Leaving Semple Stadium last Saturday night, the universal regret among all partisans was that we will see no more of Joe Canning in this year’s championship. The Portumna wizard lived up to, and comprehensively surpassed, all the expectation and hype surrounding the teenager. “I want to win for Galway. I will do the best I can to try to make that happen and hopefully on another day we will have success.” Such modesty belies his tender years.
Although crestfallen after his heroic efforts – which undoubtedly guarantees him his first All-Star – the LIT student stood to sign autographs for his adoring fans before candidly assessing where the game was lost. “We were a point or two up at half time and it was looking fairly good for us with a man up, but fair dues to Cork they upped their work rate in the second half. We had a good start in the second half, but when they got ahead we just could not get back at them.”
Canning cites the third quarter - a period where he was starved of possession – as the crucial segment of the encounter. “Midway through the second half they got on top of us and got a few scores, but I suppose they were the better team all round all day. We have to go home now and look at another year without success.”
With Canning’s senior career only in its infancy, Leesiders were applauding the heroics of a hero at the twilight of a glorious innings. Chants of “Deano” echoed around Tom Semple’s field as the diminutive Deane rediscovered a rich vein of form, to break Galway hearts. The Killeagh clubman lauded his teammates’ character in the face of adversity.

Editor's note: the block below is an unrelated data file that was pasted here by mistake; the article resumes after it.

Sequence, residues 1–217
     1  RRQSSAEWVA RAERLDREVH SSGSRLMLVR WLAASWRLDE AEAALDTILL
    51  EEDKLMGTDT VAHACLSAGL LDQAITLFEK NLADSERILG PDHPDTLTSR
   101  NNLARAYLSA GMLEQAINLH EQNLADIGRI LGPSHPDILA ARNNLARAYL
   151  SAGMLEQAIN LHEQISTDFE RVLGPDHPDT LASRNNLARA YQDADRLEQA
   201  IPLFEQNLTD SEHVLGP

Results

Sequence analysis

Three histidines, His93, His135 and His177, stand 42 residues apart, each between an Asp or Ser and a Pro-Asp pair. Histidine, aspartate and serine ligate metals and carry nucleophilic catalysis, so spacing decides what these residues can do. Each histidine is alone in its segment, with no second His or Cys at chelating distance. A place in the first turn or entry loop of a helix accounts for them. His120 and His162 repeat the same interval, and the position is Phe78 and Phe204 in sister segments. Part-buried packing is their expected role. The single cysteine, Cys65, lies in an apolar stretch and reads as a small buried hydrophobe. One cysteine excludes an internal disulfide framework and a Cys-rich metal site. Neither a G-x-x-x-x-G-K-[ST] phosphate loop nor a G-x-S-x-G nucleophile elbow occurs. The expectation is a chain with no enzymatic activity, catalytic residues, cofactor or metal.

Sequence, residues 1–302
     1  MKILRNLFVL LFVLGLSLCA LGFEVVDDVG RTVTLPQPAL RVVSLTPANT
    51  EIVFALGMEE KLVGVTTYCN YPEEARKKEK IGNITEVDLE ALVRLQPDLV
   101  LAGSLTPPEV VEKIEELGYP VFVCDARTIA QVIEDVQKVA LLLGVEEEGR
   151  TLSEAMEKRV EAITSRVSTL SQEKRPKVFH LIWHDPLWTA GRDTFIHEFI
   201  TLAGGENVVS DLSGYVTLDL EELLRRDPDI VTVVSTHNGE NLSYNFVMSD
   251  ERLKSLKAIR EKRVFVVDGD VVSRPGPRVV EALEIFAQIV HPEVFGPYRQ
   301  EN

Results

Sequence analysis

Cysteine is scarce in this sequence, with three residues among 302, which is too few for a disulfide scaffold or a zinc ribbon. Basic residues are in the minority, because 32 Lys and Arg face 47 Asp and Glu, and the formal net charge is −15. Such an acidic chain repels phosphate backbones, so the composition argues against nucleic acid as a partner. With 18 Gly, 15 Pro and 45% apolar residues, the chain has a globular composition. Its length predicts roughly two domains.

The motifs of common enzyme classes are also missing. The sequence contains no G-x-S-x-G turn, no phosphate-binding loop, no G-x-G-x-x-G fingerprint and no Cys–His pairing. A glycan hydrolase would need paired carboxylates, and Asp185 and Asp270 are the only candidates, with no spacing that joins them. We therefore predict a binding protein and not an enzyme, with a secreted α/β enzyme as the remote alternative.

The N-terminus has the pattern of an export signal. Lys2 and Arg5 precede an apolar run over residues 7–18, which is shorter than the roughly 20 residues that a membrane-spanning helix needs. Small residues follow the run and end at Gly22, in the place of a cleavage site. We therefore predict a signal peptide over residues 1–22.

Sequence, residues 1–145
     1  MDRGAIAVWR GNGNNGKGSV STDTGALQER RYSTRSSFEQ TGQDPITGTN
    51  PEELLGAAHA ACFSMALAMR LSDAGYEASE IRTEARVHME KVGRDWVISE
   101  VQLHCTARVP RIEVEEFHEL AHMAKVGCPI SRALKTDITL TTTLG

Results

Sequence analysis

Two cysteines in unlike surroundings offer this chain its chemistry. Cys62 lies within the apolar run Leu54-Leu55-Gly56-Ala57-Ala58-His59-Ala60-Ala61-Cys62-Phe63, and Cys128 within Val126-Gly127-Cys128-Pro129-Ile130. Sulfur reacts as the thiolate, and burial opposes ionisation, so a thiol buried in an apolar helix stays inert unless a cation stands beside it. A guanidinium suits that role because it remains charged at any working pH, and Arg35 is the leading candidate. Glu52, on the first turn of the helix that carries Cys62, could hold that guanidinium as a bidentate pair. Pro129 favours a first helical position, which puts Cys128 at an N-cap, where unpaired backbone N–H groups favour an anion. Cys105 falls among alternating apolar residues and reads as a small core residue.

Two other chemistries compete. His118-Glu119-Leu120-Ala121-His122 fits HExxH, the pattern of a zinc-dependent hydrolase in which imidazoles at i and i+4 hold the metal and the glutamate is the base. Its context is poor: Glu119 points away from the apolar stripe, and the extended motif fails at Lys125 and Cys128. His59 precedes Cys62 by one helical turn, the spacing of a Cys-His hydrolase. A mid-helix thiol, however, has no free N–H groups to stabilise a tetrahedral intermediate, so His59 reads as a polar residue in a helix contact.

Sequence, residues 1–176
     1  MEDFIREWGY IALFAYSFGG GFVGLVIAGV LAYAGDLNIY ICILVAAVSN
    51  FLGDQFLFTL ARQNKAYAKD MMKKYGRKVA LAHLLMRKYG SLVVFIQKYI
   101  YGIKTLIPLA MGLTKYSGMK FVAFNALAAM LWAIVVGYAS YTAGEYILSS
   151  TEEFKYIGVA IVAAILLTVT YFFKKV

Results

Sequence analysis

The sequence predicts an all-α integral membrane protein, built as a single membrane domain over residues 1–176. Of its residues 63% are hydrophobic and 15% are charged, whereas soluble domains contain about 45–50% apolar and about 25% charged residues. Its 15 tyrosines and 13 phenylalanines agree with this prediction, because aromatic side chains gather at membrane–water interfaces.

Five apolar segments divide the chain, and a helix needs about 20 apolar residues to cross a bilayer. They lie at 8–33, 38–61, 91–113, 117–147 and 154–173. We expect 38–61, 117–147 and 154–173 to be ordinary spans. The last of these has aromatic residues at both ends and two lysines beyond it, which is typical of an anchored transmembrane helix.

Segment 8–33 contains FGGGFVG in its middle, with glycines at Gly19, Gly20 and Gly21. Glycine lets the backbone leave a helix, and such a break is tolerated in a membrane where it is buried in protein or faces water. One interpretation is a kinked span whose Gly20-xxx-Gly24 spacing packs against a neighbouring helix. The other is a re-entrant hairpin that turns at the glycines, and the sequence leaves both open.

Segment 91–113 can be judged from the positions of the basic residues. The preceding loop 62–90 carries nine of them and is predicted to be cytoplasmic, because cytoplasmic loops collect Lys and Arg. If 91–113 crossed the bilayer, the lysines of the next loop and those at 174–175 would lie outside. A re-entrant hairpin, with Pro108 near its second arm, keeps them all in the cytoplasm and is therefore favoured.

“Coming into the game a win would be huge but the way the game panned out makes it sweeter. Playing with the breeze in the first half, conceding goals and Donal Óg getting sent off, our backs were to the wall in the second half. Our character has been questioned time and time again and I have nothing but the utmost respect for the players in that dressing room.”
When Canning clinically dispatched the penalty following Cusack’s dismissal, the odds were stacked in the Tribesmen’s favour, yet Deane believes the rebels upped their performance in tribute to the Cloyne custodian.
“The timing of the incident was difficult for us coming up to half time, especially when he put away the penalty afterwards. Donal Óg has been an unbelievable hero to all of us, he has stood up to everything and without him we would not have won a couple of All-Irelands, so we’re delighted we have given him a chance to play the next day.”
Old foes Clare await Deane and company next weekend. For Galway, another season brimming with promise is confined to the scrapheap. Another long winter of post-mortems and discontent awaits. At least Galway supporters’ hearts will be consoled by the emergence of a modern day hurling genius.